red for its purposes - such an algorithm could be             part of the Organizations aims for IT-security.
 provided by one or several member states infor-
 mation security agencies. In this case the crypto-            To establish IT-security of its IPE the Organiza-
 graphic strength of this algorithm should be inde-            tion should have a formulated information secu-
 pendently assessed (e.g. by the infosec agency of             rity policy. This policy should contain the Orga-
 another member state).                                        nizations aims for availability, integrity and con-
There is also the possiblity that a member state               fidentiality of information and authorized access
 supplies an own encryption method for the infor-              and operation of (sub)systems at every "point" of
 mation outgoing at its facilities. To allow for this,         the IPE.
the OICS must havé an interface for the output of              An independent investigation, whether the       secu-
authenticated but unencrypted outgoing data.                   rity measures taken by the Organization are    suffi-
Need for trusted third party services:                         cient to establish these aims, a thorough        "risk
 Since information is sent between the OICS and                analysis" should be performed. A first step    is the
the Organizations HQ, and the OICS of course                   security evaluation of small parts the IPE,    espe-
unconditionally trusts the Organizations HQ, on                cially of the cryptographic modules.
behalf of the Organization no third party services
                                                               For each of the cryptographic modules a list of
such as certification of keys or notary services are
                                                               functional high-level security objectives should be
                                                               put down and a detailed list of security require-
Non repudiation is a concern in the considered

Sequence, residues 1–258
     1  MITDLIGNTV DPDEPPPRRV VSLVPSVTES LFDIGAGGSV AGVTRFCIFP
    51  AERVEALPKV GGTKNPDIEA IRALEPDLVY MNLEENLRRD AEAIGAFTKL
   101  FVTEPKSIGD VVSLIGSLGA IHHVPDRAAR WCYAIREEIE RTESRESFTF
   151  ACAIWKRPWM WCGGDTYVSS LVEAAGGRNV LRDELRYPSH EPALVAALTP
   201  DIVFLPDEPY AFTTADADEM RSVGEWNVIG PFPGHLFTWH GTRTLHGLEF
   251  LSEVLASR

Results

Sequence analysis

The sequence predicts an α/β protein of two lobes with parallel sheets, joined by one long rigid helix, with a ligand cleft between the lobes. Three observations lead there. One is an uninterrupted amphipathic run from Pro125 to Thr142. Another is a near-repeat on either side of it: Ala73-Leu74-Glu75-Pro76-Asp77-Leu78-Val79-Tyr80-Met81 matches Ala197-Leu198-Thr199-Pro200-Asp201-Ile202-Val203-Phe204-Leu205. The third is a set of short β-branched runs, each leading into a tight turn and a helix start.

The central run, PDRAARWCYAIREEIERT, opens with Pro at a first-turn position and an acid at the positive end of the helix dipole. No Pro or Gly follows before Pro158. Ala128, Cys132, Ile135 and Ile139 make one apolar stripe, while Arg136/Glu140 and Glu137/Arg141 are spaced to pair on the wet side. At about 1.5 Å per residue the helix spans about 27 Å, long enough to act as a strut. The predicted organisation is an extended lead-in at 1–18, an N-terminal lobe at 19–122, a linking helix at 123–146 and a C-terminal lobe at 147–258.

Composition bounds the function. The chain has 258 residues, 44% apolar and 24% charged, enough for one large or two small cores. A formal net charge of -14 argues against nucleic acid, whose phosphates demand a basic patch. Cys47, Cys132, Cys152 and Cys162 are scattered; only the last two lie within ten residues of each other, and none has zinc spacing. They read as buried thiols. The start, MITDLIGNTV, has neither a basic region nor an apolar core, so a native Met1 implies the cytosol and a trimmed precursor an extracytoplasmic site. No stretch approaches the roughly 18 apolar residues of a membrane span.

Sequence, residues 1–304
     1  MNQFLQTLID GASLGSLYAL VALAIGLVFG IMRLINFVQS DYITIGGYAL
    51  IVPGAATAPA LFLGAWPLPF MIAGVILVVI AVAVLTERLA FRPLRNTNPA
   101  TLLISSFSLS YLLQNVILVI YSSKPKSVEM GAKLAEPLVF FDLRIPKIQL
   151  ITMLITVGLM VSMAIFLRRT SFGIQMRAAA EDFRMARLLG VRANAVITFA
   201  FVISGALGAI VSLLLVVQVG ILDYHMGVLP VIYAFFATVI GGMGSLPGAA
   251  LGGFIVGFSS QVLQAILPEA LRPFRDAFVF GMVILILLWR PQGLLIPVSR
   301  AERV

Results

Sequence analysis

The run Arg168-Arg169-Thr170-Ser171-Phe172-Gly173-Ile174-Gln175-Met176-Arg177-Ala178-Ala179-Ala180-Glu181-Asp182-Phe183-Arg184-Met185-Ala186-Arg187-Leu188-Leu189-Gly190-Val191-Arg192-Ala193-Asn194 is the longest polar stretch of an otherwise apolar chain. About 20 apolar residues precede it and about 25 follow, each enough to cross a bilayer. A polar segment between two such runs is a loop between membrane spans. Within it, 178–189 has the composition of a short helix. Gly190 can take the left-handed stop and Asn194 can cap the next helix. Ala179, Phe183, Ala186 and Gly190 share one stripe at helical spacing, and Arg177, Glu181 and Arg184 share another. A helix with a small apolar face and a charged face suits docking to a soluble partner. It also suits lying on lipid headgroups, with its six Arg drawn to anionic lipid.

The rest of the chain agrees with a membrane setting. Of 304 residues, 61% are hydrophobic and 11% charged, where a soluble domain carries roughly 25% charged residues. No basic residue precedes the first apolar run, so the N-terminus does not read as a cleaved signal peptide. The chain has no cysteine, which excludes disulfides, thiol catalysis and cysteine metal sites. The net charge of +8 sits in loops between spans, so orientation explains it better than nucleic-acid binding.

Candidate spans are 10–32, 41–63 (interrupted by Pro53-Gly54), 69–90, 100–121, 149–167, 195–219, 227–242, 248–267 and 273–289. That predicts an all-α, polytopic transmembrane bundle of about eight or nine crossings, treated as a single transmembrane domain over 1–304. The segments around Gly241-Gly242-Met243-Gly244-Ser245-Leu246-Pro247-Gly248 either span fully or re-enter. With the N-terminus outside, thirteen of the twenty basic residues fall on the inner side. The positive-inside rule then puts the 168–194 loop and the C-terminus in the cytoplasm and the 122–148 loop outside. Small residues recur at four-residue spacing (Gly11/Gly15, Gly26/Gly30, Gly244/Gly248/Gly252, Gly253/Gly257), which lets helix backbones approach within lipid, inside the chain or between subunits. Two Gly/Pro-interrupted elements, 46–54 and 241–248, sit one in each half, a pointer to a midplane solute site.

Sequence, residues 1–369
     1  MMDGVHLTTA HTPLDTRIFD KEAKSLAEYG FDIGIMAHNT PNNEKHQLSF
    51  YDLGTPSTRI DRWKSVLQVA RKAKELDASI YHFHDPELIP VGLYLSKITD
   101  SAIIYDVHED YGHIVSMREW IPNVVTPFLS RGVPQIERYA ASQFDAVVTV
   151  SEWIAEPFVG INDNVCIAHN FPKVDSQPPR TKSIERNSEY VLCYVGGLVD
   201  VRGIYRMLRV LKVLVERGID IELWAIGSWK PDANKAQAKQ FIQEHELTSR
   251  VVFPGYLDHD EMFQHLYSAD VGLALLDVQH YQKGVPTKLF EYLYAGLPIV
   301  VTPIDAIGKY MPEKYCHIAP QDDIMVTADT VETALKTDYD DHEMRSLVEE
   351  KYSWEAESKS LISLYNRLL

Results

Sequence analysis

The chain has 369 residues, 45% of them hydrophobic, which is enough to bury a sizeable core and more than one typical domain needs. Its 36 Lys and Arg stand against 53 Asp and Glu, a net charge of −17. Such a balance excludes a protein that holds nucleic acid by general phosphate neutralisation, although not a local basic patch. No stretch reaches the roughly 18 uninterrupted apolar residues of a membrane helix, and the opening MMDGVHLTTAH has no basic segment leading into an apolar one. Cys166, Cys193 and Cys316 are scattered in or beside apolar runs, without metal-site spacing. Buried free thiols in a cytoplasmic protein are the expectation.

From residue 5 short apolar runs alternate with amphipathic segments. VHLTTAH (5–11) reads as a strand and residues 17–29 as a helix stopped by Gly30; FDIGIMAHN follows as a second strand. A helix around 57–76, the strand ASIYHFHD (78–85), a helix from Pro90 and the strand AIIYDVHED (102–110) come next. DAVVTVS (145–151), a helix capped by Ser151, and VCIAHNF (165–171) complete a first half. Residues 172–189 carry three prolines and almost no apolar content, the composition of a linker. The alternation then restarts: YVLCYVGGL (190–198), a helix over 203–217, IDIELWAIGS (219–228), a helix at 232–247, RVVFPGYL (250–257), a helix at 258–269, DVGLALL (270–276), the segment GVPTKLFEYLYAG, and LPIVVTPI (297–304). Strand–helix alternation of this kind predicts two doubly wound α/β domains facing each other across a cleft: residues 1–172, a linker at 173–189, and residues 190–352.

ments, and an independent evaluation should be
situation, if the member state does not trust the
Organization or its ability to handle cryptographic            performed.
keys. A member state may claim that compromi-                  It is natural to seek for a formalized a way - a
sing verification data never originated in its plant           methodology - to evaluate and establish the secu-
but were fabricated by the (corrupt) Organization              rity (in the broad sense) of an IPE.
(it has generated the authentication keys for the              In the past decades - beginning with the D.S.-
outgoing data!) or by an adversary who somehow                 american "Orange Book" TCSEC (Department of
obtained the authentication key (because the Or-               Defense Trusted Computer System Evaluation
ganization didn't protect it sufficiently)- the Orga-          Criteria) - international recognized methodologies
nization can not prove the origin without TIP-                 such as CC (The Common Criteria for Informa-
servIces.                                                      tion Technology Security Evaluation) and ITSEC
Remark: if this is really a concern, the simplest              (Information Technology Security Evaluation
solution is probably as follows: use a digital si-             Criteria (harmonized criteria of the ED and
gnature for the authentication of transmission                 Australia)) have evolved. These methodologies
data, generate the key pair (signing key, verifica-            give a fIamework, in which the security of infor-
tion key) for the OICS by a trusted device (which              mation technology can be measured against esta-
is part of the OICS) in the member states facility             blished criteria and to specified assurance levels.
in such a way that the signing key never leaves
                                                               The information security agencies of several sta-
the OICS, and let a trusted third party certify the
                                                               tes are themselves available or have licensed faci-
authenticity of the OICS-verification key.
                                                               lities to perform CC/ITSEC evaluation of IT -pro-
A corrupt Organization mayaiso deny the deli-
                                                               ducts. The equipment should not be evaluated in
very of correct verification data - the member
                                                               the same state where it is put to use.
state can not prove the delivery without TIP-ser-
                                                               The security of the equipment and the strength of
vices. Non repudiation can only be established
                                                               algorithms should be periodically re-assessed.